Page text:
black swimmer, USA Team, Anthony Nesty

Anthony Nesty, First Black Olympic Gold Medalist Swimmer, To Lead USA Men’s Swim Team In Paris

Anthony Nesty, who made history in the 1988 Olympics by becoming the first Black male swimmer to win an Olympic gold medal, has been tapped by the USA Swimming to lead the men’s swim team in Paris.

According to reporting from ESPN, Nesty has been working with top American swimmers Katie Ledecky, Caeleb Dressel, and Bobby Finke in his position as the head swim coach at the University of Florida. In 2022, Nesty became the first Black coach to lead a United States team at the World Championships. In a press release from USA Swimming, Nesty and fellow coach Todd DeSorbo were credited with responsibility for ensuring that the United States brought home a record 45 medals at those world championships.

“Together they served as head coaches for the U.S. team at the 2022 FINA World Championships in Budapest, Hungary where American swimmers earned 45 medals in the pool – good for the most medals ever awarded at a world championship, surpassing the previous U.S. record of 38,” the press release stated.

As a result of this achievement, USA Swimming’s National Team Managing Director Lindsay Mintenko is excited about the future of the swim program under the tandem.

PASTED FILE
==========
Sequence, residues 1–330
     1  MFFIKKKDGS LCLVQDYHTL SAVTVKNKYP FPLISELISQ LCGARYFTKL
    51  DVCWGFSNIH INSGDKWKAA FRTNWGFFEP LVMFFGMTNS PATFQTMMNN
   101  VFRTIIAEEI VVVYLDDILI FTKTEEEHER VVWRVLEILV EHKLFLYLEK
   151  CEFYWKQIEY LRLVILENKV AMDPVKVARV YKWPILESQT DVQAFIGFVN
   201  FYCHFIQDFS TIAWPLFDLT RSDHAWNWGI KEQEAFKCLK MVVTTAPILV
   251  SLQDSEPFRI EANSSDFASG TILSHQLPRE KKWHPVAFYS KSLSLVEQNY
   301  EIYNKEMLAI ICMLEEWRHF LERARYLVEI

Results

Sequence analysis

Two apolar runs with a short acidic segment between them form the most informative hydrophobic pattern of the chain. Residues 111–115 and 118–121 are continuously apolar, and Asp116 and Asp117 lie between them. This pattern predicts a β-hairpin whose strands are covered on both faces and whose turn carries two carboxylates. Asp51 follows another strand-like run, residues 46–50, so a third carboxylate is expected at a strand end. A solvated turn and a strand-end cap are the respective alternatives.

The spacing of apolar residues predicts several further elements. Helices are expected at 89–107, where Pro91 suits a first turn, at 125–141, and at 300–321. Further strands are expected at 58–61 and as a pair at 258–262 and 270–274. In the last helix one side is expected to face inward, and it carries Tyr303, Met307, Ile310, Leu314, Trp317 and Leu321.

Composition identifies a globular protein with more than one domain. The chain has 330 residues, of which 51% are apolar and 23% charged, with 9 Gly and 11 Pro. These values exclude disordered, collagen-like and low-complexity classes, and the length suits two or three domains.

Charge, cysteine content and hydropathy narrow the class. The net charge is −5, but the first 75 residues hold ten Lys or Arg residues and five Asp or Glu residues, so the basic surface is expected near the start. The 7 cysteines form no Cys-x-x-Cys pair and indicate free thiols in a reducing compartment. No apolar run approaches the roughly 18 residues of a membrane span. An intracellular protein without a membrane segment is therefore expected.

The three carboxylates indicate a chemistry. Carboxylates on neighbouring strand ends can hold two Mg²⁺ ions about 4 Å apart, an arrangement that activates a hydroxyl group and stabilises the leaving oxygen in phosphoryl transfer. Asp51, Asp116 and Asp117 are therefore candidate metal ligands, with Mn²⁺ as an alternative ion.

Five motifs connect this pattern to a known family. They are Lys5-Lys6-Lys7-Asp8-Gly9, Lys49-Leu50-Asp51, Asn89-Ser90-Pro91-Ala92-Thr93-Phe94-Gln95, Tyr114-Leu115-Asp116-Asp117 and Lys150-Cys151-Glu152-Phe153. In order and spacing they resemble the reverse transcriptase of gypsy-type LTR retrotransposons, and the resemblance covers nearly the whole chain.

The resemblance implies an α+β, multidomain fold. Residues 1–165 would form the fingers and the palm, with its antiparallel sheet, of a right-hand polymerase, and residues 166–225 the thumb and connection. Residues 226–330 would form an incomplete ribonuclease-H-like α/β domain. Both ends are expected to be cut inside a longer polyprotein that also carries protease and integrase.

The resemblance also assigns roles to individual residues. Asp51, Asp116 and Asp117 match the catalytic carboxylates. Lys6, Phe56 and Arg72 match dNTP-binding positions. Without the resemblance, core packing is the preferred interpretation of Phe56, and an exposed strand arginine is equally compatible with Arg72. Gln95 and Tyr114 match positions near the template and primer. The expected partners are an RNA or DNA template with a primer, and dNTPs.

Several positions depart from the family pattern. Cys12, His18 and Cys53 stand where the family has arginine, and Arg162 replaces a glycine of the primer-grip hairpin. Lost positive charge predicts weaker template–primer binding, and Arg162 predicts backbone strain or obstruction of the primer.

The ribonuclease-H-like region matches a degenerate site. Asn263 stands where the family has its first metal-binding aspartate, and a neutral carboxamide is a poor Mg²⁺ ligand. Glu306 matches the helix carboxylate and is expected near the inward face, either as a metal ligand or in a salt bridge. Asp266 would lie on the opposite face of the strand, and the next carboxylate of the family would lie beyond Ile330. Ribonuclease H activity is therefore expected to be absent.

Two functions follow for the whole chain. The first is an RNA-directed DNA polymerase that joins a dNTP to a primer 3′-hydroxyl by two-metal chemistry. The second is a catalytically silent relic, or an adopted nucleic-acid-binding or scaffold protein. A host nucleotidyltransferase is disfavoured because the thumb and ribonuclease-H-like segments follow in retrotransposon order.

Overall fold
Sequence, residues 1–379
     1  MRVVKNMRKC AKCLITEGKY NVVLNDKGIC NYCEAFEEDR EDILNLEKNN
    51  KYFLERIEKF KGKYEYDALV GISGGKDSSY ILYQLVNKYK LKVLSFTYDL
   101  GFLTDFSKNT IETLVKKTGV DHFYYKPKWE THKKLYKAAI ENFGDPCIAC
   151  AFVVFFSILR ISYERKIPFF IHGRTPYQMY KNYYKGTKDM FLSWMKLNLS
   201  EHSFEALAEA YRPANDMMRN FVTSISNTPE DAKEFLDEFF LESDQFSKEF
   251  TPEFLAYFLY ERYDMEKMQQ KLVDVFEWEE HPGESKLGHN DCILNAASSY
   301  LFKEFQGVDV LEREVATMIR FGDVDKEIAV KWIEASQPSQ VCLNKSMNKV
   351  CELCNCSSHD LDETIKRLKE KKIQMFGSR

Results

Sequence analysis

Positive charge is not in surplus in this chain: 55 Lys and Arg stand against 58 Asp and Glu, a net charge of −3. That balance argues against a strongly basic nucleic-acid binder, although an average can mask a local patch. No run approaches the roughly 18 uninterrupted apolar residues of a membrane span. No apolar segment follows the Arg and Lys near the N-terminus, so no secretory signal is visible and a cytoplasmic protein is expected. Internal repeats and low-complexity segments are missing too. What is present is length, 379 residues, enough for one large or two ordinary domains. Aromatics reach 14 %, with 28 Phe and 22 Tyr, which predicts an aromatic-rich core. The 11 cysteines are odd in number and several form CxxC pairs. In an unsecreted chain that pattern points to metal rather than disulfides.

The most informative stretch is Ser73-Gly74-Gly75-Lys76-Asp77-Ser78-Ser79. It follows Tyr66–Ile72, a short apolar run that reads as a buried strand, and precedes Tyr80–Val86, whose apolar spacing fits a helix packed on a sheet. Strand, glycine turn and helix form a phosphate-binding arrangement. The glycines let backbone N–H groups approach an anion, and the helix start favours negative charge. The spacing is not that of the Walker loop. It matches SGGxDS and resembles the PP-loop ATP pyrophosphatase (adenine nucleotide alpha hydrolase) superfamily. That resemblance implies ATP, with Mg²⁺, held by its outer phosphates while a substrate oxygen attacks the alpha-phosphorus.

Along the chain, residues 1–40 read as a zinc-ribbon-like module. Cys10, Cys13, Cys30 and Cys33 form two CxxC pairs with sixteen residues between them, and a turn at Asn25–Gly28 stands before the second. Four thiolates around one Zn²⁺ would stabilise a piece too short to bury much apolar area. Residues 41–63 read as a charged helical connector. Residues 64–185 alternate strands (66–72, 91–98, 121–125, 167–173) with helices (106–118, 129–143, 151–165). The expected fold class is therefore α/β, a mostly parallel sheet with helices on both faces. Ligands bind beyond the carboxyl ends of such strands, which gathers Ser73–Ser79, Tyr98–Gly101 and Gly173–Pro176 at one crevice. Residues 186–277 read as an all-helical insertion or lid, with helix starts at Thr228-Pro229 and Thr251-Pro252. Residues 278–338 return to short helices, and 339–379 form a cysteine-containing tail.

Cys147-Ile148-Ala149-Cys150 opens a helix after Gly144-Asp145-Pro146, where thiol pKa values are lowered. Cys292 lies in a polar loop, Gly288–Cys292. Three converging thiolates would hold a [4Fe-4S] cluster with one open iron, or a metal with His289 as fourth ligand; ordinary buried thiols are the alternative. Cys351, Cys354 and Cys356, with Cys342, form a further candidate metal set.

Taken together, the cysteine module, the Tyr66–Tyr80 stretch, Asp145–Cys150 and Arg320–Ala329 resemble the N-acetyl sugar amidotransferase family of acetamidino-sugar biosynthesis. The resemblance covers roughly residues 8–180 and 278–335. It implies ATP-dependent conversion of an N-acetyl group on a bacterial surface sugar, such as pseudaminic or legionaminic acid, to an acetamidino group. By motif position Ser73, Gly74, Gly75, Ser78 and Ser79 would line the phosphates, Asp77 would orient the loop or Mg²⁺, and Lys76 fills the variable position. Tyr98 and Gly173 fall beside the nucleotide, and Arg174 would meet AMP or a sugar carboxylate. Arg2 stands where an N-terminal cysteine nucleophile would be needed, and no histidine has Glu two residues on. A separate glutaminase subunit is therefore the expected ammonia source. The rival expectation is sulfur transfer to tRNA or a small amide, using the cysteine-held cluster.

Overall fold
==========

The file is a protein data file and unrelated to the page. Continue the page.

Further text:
“I am thrilled Coaches DeSorbo and Nesty will be joining us in Paris and am looking forward to the experience and leadership they will bring to the Games,” Mintenko said.

Nesty signaled his excitement, saying, “I’m excited to be the men’s head Olympic coach in Paris. Todd and I look forward to coaching these athletes to the best of their abilities in Paris next summer.”

Nesty conducted an interview with the Associated Press acknowledging the importance of his position in a sport that desperately needs to diversify.

You know you’re a role model. You have to take that very seriously. Maybe it’s why I work so hard at what I do. I try to be the best Anthony Nesty I can be.,” he said.

Speaking about his historic upset for his native country of Suriname, which contains fewer than a million people, Nesty said, “It’s just an amazing story. Whether it was being in the right place at the right time or just luck or just God-given talent that I, of course, had, it’s a unique story, that’s for sure.”

The larger swimming world, including the Britain-based Black Swimming Association, is looking forward to seeing what can come out of Nesty’s appointment.

Black Swimming Association founder Seren Jones told the AP, “I remember the first time I saw a Black official at a meet. I actually started crying. That reaction surprised me a bit, but there is such a starvation of role models for Black swimmers. I never had one.”

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